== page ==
Interior of the Fox Theater
During my weekend in the Spokane area, I learned about the Expo ’74, which held one of the last World’s Fairs in America. The site of Expo ’74 remains today as the 100-acre Riverfront Park, tucked between the city center to the south and the Spokane River and cataracts of Spokane Falls on the north.
Since I had explored the park’s visitor amenities thoroughly in the past, I concentrated on other attractions this time around. As a big baseball fan, I attended two entertaining contests at historic (but nicely modernized) Avista Stadium between the Spokane Indians and the Everett Aquasox, “farm” clubs of the Texas Rangers and Seattle Mariners respectively.
However, those who know me are likely aware that I am also a devotee of classical music, symphony orchestras and concert halls, so I had for several years been interesting in visiting the (relatively) new home of the Spokane Symphony, the historic and now lovingly restored Fox Theater.
Happily, when I rang the bell at the Fox’s stage door, the friendly Brian Ritter, the theater’s Technical Director, met me and graciously offered to take me on an impromptu site tour. Having opened originally in 1931, this magnificent art deco facility had fallen upon hard times by the waning days of the 20th century, and had even been divided into a “triplex” theater showing $1 flicks. As a result, some local interests were seeking to demolish the building and erect a parking structure in its place when the orchestra came to the Fox’s rescue around the turn of the century.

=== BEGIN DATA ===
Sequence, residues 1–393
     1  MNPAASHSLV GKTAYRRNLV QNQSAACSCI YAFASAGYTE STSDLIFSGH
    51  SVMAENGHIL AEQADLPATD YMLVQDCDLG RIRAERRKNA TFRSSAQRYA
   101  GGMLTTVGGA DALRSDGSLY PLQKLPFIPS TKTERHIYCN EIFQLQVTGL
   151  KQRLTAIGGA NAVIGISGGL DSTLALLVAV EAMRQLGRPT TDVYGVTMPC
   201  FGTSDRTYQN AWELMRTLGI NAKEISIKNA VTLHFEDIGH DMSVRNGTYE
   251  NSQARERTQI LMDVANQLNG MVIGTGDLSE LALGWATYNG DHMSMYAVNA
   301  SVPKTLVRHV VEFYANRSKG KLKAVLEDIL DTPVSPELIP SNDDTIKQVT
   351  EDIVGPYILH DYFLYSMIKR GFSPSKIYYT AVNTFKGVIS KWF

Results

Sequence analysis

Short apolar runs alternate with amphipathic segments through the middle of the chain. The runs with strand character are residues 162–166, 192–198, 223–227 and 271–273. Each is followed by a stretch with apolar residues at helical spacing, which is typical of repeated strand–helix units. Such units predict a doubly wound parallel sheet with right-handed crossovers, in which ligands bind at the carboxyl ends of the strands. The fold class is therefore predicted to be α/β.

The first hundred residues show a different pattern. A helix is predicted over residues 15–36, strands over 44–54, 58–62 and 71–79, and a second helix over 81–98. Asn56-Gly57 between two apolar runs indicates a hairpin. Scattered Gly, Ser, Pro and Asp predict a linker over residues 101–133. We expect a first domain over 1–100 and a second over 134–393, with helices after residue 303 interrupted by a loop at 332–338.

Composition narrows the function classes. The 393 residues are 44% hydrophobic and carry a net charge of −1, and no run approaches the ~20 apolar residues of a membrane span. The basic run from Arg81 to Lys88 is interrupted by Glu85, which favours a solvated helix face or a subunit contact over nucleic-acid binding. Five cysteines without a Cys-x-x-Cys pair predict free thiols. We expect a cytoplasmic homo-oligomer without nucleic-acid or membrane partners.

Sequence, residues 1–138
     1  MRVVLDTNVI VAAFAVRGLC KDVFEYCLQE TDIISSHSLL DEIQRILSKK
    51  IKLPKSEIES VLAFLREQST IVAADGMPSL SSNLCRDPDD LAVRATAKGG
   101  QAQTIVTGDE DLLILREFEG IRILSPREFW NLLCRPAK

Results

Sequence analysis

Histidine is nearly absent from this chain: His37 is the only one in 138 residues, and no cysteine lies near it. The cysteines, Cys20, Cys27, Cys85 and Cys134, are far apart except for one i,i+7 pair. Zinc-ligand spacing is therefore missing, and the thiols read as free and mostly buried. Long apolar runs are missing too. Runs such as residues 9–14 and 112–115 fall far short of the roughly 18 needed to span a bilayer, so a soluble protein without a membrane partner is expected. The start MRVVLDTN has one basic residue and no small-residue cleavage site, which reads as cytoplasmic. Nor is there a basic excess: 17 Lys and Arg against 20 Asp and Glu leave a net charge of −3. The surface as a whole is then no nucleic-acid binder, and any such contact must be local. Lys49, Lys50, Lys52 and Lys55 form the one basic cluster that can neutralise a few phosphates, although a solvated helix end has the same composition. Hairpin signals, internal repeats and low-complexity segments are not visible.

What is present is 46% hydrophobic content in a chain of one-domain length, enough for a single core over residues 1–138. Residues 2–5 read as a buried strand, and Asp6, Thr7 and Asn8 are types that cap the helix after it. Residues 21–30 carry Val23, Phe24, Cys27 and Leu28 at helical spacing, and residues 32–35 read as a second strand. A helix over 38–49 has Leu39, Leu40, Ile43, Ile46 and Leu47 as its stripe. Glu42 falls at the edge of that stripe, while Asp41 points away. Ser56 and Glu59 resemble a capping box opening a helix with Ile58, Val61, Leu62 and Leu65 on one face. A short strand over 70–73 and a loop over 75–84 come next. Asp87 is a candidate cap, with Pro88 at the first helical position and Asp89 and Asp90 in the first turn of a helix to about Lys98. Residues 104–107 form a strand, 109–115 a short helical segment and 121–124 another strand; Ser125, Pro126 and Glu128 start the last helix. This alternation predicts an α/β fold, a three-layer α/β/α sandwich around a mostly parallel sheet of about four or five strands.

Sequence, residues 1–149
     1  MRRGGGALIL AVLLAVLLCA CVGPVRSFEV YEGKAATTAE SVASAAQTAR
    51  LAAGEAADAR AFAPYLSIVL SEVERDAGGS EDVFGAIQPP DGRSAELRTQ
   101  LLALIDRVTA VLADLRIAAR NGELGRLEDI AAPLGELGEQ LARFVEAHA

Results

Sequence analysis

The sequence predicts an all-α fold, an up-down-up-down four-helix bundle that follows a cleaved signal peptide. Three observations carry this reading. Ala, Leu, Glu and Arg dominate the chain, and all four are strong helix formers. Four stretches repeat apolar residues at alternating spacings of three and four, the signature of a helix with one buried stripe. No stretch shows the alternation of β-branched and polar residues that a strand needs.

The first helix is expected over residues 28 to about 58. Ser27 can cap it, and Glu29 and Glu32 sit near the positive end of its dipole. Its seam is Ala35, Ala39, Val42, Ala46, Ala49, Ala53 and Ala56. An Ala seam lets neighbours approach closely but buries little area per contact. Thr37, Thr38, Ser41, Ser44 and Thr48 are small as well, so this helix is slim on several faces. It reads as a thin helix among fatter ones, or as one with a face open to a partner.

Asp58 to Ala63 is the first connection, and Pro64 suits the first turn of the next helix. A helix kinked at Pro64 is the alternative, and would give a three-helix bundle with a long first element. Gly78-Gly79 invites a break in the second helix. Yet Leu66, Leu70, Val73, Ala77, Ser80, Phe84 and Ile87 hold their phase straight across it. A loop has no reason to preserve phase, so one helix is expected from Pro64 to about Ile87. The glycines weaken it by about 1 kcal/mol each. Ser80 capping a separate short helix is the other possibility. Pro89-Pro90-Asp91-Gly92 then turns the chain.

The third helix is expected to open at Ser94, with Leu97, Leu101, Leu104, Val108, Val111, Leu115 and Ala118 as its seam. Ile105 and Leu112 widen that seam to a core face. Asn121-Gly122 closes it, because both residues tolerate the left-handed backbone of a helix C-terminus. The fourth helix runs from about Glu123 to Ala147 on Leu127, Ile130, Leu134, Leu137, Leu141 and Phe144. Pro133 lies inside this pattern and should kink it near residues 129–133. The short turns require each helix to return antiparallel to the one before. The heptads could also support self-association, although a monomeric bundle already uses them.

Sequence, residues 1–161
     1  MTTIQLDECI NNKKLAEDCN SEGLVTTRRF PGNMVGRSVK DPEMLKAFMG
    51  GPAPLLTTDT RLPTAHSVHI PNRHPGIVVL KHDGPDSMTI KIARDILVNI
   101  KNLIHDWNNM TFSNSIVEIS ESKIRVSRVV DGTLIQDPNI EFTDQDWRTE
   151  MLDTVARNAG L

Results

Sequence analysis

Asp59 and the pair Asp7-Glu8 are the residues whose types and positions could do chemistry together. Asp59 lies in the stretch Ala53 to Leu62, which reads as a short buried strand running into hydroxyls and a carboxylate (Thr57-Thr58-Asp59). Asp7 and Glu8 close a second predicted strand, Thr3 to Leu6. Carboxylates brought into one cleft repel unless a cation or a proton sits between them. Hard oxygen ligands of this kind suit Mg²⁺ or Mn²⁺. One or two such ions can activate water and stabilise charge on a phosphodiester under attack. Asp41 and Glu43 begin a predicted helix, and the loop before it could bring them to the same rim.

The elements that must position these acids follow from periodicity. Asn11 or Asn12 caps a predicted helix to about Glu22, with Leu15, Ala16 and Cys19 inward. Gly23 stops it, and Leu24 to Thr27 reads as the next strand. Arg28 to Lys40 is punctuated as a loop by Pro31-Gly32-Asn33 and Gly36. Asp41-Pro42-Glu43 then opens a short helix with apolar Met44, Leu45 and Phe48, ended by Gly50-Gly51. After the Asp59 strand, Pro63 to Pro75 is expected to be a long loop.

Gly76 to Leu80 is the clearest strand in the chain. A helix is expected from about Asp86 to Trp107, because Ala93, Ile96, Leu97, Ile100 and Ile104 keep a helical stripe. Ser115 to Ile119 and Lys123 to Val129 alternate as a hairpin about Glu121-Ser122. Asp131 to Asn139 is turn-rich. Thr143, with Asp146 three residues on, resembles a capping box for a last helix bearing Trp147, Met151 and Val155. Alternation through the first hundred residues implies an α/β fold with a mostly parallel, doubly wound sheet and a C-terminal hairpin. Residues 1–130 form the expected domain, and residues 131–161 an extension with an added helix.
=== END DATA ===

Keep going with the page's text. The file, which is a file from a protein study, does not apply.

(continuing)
It took seven years to amass the $32 million necessary for the restoration, but construction began in 2005, and the splendidly revitalized hall opened to the public in 2007. Originally built to accommodate 2,000 movie-goers, capacity was reduced to about 1,600 for symphony concerts, allowing the addition of a patrons’ lounge immediately behind the main floor seating. Fortunately, the Spokane Symphony now has its very own, wonderful hall with fine acoustics, a pattern also followed successfully, saving extraordinary historic venues from the wrecker’s ball in the process, by the orchestras of Pittsburgh, St. Louis, Columbus, San Diego, Portland and Vancouver, among other cities.
Splendid art deco designs adorn the hall